Last week I wrote that if Lent was about making “room for God” – and that is a good start – then the Easter season and beyond should be about coming to realize that God is the entire room! “God should be not merely the reference point but the whole context out of which we operate. God is not merely the source of our existence, he is the substance of our existence, the very life we have, and without God we would be lifeless, even if we are alive. Put another way, if Jesus is not Lord of all, he is not Lord at all.”
I think St. Francis understood that God is not just the philosophical construct as the “ground of being,” but the One who gives us life every day, is the reason we get up in the morning, and is the focus of our praise. God is both our creator and our redeemer. Both our raison d’etre and the reason why we do what we do. God is both the source of love and the sort of love we should have and express. God is the overwhelming, awesome, all-loving being that can sweep our lives into wholeness, completeness, and rest. He is Lord of all.
But that transformation in the way we view God does not leave us in control. Frankly, it can be scary. Rather than seeing it as being swept up in the arms of a loving parent and held close, it seems like the flood waters sweeping us away. So, it is safer to domesticate God, turn God into our buddy, shrink him down to our size, to manageable proportions. We can even turn it all into a popular Top-40 song: “What if God was one of us? Just a slob like one of us? Just a stranger on the bus?” (words by Eric Bazillian, sung by Joan Osborne, 1995). While I liked the song and even sing along with it, I am deeply aware that God was indeed one of us and while He was right there on the bus, he was not a slob like one of us. Jesus did not come to merely try on humanity, or hang out with us. He came to show us the fullness of what humanity was intended to be. He came to save us from ourselves, and for Himself.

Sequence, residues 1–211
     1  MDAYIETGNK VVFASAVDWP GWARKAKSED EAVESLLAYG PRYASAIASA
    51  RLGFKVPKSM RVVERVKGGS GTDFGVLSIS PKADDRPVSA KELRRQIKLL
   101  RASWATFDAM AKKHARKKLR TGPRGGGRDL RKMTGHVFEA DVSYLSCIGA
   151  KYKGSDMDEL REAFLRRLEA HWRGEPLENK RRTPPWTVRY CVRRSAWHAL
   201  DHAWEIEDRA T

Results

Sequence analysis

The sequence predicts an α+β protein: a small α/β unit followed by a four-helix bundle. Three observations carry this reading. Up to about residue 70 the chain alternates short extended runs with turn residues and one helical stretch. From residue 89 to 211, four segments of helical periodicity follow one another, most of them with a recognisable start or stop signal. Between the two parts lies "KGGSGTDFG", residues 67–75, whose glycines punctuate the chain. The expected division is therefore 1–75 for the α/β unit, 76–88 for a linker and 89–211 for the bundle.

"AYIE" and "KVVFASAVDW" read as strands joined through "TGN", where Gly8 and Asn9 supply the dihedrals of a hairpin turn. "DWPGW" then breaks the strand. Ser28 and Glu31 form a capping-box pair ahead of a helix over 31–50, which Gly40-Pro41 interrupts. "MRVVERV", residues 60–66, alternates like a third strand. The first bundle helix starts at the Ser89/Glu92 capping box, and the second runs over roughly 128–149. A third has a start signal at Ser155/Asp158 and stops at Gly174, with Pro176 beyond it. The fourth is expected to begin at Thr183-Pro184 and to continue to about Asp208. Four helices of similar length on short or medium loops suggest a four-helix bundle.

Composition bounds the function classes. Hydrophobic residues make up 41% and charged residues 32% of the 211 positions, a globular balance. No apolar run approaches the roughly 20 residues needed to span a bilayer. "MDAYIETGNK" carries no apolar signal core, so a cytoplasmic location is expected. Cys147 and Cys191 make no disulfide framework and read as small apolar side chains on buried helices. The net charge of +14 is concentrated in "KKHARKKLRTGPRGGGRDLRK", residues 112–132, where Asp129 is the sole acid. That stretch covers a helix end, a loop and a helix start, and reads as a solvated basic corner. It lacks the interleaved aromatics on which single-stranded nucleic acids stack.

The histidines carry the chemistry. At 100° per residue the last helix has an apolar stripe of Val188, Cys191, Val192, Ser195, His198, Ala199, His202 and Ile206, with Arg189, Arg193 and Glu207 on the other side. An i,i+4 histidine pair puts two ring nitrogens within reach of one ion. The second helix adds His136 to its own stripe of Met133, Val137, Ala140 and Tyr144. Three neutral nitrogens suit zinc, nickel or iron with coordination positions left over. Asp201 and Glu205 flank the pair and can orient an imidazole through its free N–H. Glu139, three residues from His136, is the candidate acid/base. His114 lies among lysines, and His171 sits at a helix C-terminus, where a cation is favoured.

But so often we just cannot see that. But then vision is often a problem in the human condition. I can remember being in high school and really wanting one of my classmates to “really see me.” I just knew that if she really knew who I was, well heck, she would invite me to the prom. Now take that same kind of experience and blow it up to cosmological proportions. If we could just really see God, we would run to the “divine prom,” the perichoresis, (peri – around; chorea – dance) that divine dance of the Triune God in, with, and through all life, all being, all love.
It is indeed a Divine Mercy that God waits for us to simply realize who He is. He is Lord of all